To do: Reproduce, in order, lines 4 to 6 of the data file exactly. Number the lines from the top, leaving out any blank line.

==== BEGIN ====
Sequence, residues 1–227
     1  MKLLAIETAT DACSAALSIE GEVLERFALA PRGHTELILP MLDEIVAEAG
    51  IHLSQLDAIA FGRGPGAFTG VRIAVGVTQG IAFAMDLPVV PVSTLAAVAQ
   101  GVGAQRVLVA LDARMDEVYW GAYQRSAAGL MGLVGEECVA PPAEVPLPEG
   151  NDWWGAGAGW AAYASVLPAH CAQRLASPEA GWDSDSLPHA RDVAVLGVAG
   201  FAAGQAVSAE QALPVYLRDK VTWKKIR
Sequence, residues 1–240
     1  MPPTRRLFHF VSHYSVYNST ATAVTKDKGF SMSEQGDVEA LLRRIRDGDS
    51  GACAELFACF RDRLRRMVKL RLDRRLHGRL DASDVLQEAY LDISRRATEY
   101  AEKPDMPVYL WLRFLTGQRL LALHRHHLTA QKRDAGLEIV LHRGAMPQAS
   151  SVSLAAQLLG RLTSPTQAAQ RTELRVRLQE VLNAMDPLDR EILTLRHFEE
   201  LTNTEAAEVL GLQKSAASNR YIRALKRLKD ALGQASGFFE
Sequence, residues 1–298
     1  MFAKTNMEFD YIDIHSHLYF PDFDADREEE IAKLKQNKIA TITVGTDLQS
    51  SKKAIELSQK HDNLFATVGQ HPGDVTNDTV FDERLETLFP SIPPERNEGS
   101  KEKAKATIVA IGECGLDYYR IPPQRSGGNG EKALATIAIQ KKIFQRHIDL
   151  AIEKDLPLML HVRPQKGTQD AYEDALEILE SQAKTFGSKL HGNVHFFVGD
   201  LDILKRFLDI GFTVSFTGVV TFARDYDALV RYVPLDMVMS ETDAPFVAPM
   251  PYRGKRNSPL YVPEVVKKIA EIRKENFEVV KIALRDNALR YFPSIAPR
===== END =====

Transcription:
   101  GVGAQRVLVA LDARMDEVYW GAYQRSAAGL MGLVGEECVA PPAEVPLPEG
   151  NDWWGAGAGW AAYASVLPAH CAQRLASPEA GWDSDSLPHA RDVAVLGVAG
   201  FAAGQAVSAE QALPVYLRDK VTWKKIR